Noisy cars could fail their MOT, minister warns

Drivers who modify their cars so they make more noise can expect them to fail MOTs, transport minister Richard Holden has warned.

Silencers are being tampered with to boost the roar of engines – leading to a stern warning from the North West Durham MP.

He said: “A vehicle should fail the MOT if the silencer has been altered to increase noise above the level expected from a standard system.”

It comes as the Government considers rolling out so-called “noise cameras” to catch offenders, with results of a testing scheme due to be released soon.

Excessively loud vehicles are a “nightmare”, causing communities “distress”, campaigners say.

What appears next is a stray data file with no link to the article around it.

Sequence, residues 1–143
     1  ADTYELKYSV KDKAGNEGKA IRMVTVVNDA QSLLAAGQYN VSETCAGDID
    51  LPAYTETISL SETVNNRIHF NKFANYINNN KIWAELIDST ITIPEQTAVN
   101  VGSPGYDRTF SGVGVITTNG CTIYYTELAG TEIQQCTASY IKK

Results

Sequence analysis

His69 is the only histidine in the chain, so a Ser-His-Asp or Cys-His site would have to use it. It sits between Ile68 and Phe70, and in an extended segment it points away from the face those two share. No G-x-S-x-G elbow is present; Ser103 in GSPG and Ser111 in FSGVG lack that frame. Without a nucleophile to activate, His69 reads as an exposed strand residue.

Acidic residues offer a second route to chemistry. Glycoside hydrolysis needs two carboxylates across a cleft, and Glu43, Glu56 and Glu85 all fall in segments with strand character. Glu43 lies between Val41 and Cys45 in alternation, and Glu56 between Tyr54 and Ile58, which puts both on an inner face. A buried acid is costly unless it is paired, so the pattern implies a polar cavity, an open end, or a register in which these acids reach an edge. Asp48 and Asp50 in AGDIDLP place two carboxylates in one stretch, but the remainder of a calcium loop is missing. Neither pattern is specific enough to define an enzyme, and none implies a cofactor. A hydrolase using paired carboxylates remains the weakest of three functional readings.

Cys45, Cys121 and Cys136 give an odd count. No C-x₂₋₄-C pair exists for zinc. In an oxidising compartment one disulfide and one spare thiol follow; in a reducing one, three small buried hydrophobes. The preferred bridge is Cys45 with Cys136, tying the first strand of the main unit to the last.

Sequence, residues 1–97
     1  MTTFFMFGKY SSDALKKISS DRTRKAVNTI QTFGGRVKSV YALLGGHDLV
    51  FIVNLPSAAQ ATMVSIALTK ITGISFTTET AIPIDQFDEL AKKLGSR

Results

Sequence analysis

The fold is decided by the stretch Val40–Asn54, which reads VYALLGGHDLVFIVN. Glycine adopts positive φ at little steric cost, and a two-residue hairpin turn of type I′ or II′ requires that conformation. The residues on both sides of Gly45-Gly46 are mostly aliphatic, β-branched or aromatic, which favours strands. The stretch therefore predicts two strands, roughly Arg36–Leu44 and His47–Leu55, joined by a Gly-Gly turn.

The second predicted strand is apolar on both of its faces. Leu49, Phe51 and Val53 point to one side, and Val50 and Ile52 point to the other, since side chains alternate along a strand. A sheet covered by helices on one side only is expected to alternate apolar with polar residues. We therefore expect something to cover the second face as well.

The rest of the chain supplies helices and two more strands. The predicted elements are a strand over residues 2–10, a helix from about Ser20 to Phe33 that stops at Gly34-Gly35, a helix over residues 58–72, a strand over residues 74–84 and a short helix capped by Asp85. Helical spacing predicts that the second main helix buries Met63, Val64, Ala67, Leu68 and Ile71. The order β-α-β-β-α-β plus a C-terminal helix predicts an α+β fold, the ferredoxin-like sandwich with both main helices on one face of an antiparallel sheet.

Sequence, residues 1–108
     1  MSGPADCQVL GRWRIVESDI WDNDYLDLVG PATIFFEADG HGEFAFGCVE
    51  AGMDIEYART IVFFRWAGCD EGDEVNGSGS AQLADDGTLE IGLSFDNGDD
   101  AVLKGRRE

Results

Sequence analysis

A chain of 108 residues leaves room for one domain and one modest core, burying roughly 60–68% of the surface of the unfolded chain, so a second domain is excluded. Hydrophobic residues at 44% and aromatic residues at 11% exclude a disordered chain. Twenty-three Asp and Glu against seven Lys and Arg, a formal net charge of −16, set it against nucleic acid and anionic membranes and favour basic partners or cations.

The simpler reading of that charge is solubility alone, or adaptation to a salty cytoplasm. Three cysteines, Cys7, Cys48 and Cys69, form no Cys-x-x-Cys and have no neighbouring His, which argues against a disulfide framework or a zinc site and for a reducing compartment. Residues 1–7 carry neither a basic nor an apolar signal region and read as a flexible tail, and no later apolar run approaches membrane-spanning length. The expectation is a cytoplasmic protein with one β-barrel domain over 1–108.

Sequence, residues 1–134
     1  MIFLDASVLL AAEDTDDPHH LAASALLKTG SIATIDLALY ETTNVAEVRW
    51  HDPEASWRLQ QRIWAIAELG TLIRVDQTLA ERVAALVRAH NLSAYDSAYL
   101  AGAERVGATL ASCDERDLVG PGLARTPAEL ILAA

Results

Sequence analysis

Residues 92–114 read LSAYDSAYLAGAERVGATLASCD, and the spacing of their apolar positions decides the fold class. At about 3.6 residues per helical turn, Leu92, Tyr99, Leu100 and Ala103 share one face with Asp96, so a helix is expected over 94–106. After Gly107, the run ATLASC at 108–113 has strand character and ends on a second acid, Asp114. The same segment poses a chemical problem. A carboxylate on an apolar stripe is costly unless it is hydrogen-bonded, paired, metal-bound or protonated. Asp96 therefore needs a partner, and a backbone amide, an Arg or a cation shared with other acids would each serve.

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In the meantime, Mr Holden said police and local authorities should be “using their existing powers to tackle excessively noisy and illegally-modified vehicles”.

He added: “The annual MOT test requires an inspection of the exhaust’s state of repair and the tester uses their experience to make a subjective assessment of noise.”

Steve Gooding, director of the RAC Foundation, said: “While we are increasingly concerned about the exhaust emissions we breathe, we’ve perhaps lost sight of another environmental pollutant: noise.

“Until the day the electric revolution consigns the roar of the internal combustion engine to history, what we need is a respite from the noise pollution blaring at us, not modifications to make it worse.”

Gloria Elliott, chief executive of the Noise Abatement Society, raised the concern that “legal exhausts can be readily swapped for modified versions post-inspection”.

She added: “It’s important those affected contact their local council and police, letting them know about illegal noisy vehicles in their area.”

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